There are other blood tests that can give the doctor clues about an individual's condition. The erythrocyte sedimentation rate (ESR) test and the C-reactive protein (CRP) test record general levels of inflammation in the body and can help support an RA diagnoses. Blood test for anemia is another tool for the doctor because it also can point to RA.

Imaging test are very important and doctors will order x-ray the hands and feet to check for damage to the joints, such as erosions or holes in the bones. Early on, x-rays may show no signs of damage, but they are being used as a base line with which to compare later x-rays. In some cases, when physical exams, blood tests and x-rays don't show any signs the doctor may decide to order an MRI which shows much more than the x-rays can. MRI's are more sensitive and can show damage to bones and other joint tissues earlier than an x-ray.

When diagnosing RA, your doctor must also determine how active your RA is. This helps in choosing the best treatment for you, RA patients are also usually described as having mild, moderate, or severe disease activities. Patients with mild RA have little or no impact on physical health, mental health, or ability to function. The moderate patient with RA has some impact, and severe RA has a major impact.

There are several ways to monitor the activity of a person's RA, the most commonly use is the Disease Activity Score (DAS). The DAS takes into account how well a person reports feeling on a scale of 0 – 100; the blood level of inflammation; using either the ESR or CRP test; the number of swollen joints as seen by the doctor; and the number of joints that the individual describes as tender when the doctor squeezes them. Total up your DAS score which can range on a scale of 0 – 10, with a score greater than 5.1 indicates high disease activity; a score below 3.2 indicates low disease activity; a score below 2.6 is considered clinical remission, meaning the RA is no longer active.

Another tool that can be useful is the Health Assessment Questionnaire (HAQ). This questionnaire determines a person's disease activity as a reflection of how well you function in everyday life. It will ask you about your ability to do everyday things, such as dressing yourself, open a milk carton, and turn off a faucet.

Doctors use the DAS and HAQ, and similar tools not only help to diagnosis your RA, but also monitor how RA affects an individual's life over time and to measure how well treatment is going. As your quality of life improves and RA grows less active, the HAQ score should increase and the DAS score decreases.

The goal of RA treatment is to prevent joint damage and to keep you functioning independently or to improve function if RA has already caused limitations in mobility. Reduced pain and stiffness and joint swelling, as well as reduced fatigue, are essential to keeping an active lifestyle and maintaining independent living.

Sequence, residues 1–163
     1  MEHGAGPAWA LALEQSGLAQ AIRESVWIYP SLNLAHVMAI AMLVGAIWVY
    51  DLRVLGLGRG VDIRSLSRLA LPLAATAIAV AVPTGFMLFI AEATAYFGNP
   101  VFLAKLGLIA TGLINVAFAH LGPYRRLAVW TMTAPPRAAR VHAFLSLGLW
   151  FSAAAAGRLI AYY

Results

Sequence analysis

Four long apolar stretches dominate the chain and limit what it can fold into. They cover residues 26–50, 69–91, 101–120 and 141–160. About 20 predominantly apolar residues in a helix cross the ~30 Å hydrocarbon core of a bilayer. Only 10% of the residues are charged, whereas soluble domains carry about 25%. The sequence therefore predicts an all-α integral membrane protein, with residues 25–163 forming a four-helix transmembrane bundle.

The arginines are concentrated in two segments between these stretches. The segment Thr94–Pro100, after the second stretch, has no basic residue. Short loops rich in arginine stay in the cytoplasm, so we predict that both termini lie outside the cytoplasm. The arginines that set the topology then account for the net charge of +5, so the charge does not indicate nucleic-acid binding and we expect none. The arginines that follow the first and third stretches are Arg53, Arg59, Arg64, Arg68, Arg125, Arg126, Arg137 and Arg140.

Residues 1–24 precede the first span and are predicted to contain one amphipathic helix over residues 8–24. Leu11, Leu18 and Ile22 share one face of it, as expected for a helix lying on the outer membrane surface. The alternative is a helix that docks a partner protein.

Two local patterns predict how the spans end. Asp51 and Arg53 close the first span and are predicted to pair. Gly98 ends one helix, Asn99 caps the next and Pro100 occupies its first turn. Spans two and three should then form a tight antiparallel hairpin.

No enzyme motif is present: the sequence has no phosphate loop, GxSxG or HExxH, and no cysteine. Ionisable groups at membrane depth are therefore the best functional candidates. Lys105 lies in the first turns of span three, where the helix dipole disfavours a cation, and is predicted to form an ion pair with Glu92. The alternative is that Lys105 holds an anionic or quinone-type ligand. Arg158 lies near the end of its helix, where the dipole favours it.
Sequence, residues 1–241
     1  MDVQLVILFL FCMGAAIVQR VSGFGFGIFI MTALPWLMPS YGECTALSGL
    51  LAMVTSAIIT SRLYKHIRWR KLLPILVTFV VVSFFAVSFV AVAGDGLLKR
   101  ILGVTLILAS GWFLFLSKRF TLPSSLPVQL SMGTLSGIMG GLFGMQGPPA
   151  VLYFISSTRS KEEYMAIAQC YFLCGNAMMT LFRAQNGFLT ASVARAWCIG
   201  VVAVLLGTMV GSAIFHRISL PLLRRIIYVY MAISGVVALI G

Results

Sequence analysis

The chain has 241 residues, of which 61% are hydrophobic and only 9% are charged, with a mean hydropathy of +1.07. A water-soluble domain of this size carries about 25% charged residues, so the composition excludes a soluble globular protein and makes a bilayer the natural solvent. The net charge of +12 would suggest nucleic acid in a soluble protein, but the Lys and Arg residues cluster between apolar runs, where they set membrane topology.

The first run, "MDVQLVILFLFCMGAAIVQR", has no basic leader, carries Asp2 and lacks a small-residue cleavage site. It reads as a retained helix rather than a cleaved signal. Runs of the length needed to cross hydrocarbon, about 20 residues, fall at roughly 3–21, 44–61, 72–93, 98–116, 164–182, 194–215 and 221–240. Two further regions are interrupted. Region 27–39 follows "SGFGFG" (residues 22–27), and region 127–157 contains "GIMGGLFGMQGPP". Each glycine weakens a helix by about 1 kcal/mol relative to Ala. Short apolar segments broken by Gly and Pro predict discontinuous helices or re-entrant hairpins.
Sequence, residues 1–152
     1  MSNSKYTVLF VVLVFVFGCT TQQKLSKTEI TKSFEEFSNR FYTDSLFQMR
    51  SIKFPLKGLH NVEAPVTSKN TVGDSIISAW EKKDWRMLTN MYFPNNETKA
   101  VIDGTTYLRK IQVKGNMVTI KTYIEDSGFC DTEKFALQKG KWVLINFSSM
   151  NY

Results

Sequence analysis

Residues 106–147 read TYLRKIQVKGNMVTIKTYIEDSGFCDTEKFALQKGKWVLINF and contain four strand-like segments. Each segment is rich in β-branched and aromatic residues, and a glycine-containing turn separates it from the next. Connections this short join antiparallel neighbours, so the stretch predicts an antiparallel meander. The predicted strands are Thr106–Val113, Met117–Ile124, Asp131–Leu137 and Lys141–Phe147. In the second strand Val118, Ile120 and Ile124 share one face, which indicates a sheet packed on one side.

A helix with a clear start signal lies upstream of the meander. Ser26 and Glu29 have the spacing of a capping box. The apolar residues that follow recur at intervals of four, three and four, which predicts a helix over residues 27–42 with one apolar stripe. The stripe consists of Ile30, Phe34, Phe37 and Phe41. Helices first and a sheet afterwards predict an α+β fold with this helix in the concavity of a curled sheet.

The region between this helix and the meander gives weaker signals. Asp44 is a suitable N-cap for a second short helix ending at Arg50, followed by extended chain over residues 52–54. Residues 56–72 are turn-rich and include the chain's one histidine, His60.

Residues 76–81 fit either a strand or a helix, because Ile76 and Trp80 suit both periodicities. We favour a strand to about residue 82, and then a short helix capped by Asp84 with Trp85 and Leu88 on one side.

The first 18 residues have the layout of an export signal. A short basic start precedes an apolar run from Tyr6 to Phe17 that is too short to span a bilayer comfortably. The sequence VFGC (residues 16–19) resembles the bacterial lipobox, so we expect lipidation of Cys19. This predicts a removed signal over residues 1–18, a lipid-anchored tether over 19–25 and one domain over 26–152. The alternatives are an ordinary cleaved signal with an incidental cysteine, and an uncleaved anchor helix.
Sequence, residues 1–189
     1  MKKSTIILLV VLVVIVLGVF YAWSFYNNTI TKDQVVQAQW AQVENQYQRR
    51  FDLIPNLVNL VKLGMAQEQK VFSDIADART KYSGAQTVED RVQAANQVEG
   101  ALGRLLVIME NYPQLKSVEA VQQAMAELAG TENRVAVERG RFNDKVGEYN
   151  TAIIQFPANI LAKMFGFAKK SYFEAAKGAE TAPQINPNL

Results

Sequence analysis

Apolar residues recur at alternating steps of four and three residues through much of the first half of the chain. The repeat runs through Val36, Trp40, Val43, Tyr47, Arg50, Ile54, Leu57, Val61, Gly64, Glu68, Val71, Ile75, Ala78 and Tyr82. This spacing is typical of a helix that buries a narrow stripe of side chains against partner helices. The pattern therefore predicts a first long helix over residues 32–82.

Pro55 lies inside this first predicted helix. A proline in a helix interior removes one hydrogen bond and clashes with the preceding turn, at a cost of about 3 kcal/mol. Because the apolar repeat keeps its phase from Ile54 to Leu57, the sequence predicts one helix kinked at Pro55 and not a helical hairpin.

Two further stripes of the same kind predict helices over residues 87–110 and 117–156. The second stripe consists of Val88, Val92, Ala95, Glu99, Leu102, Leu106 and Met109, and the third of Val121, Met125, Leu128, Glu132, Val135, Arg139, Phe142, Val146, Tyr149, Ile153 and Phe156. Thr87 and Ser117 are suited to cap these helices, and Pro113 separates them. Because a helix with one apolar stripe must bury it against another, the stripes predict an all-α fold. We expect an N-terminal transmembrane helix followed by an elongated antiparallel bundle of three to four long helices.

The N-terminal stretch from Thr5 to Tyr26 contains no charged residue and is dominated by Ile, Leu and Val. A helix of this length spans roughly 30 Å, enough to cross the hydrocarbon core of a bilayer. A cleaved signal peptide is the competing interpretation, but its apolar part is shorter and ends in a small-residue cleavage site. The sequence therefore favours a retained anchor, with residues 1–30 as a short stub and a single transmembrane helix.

RA treatment combines many different approaches that include exercise, rest, heat and cold, and some other non-drug strategies that are all important elements of treatment. A combination of drugs is the cornerstone of treatment. Medications used to treat your RA may include non-steroidal anti-inflammatory drugs (NSAIDs), such as ibuprofen (Advil, Motrin) and naproxen (Aleve, Naprosyn), and oral corticosteroids, such as prednisone. Both NSAIS and corticosteroids can quickly reduce the pain and inflammation in the joints. Evidence is now overwhelming that adding other types of drugs early on can reduce, limit, or even prevent joint damage. These drugs are the disease-modifying anti-rheumatic drugs (DMARDs); these were once reserved for the later stages of RA, and the biologic response modifiers, or biologics, which have only become available in the last decade.

The most commonly used DMARD for RA is methotrexate (Rheumartex, Trexall). There are yet other commonly used DMARDs such as sulfasalazine (Azulfidine), leflunomide (Arava), hydroxy-chloroquine (Plaquenil). I don't know the side effects from the other drugs, but I have taken Plaquenil. After only 3 months of using it and the blood test you have to take, that blood test showed my liver enzymes to be elevated. The next step the doctor did was to draw more blood and did a test for Hep C. That test came out positive and this is the side effect of the Plaquenil. These drugs work to alter the disordered immune process that is responsible for RA. The biologics mount a more focused defense against the immune system. Biologics come in the form of a shot or intravenous infusion and include etanercept (Enbrel), infliximab (Remicade), adalinmumab (Humira), rituximab (Rituxan), and abatacept (Orencia). Enbrel, Remicade, and Humira are known as INF-blockers because they all block the action of an inflammation-causing molecule called TNF-alpha. The remaining biologics target different parts of the immune system.